• Shadow users to see how your app is being used in the "wild". This may give you some ideas about what your users would prefer.

  • Do some basic usability studies on your existing app to see whether this portion of the interface causes any problems. These are the basic five-user tests that everyone loves doing. You might identify other areas you should work on improving first.

  • Develop both interfaces and run a bona fide experiment to determine which is better. (A/B testing.) This would be a lot of work. I'd go with another approach if you can get your answer by other means.

Some other questions worth looking at:


Extrapolating from my experience as a user of other web apps, I'd be concerned about performance. A lot of modern designs are very nice until performance is considered. Any lag, whatever the reason, affects usability. Suppose you're comparing systems that take 1s vs 5s to load or render something. That's a significant difference.

You might think that opening and loading a new page would take just as long as loading data for a widget, but that depends on how the page is coded. For instance, how many scripts is the page running? How good is the javascript engine that's controlling the widget? Etc.

Web apps have become so bloated that I favor html fallback for email. I use the mobile version of some sites on desktop. I tend to open pages in background tabs, so new pages are immediately available when I'm done with the current page. With sliding widgets, that likely wouldn't be an option. There's even lazy execution of javascript, so they don't run in the background anymore, so it might not even be possible to allow the widget the load and render in the background. These behaviors may be idiosyncratic to me, but tabs are a prominent feature of modern browsers. At least, it serves as 'food for thought'.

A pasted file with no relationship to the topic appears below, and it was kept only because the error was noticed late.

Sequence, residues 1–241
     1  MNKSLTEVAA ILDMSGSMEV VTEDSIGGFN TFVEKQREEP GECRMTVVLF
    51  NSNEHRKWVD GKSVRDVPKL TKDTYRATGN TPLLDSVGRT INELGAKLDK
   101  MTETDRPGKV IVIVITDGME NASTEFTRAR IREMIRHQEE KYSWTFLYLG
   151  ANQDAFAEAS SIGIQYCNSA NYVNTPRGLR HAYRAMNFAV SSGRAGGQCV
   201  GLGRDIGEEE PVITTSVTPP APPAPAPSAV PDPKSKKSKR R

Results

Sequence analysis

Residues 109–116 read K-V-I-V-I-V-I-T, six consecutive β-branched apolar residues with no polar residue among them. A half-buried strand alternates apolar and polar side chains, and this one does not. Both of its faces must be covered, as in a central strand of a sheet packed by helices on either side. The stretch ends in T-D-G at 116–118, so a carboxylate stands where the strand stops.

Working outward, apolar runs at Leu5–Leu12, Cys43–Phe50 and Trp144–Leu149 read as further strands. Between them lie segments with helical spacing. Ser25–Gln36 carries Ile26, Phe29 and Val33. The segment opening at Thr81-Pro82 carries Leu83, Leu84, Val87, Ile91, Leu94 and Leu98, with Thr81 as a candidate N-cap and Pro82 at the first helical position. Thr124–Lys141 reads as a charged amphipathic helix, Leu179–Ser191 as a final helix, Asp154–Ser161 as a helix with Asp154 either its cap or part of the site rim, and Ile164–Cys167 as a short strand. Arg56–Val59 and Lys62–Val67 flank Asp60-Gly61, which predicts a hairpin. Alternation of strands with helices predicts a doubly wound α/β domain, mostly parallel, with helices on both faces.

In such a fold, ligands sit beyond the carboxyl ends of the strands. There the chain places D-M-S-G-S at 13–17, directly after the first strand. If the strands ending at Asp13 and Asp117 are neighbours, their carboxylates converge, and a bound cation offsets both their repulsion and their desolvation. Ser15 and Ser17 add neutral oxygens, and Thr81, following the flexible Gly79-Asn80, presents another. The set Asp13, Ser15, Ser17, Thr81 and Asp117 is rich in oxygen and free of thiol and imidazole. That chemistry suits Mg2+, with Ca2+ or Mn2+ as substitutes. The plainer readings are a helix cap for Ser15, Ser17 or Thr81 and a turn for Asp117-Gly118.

I'm not arguing against using a sliding widget. These are just some potential issues that could make the widget better or worse than loading a separate page.

  • Overall very good advice. I've gone down the route (pending feedback) of keeping a separate page with details - primarily because of your point about opening in a new tab as it's something we've had comments on about in the past. Unfortunately we don't have the time/money to be able to do any real A/B testing or anything so for the time being it's going to have to be what we internally decide, but when there is time this will be the approach we take – PaReeOhNos May 16 at 8:58
  • It may be possible for developers to start getting the backend ready to work with either approach. That way switching or A/B testing in the future would be easier. – 習約塔 May 16 at 9:03
  • That would be nice, sadly I don't think management would be able to justify it. Too much going on without the time to do it - but will certainly sound them out :) – PaReeOhNos May 16 at 9:45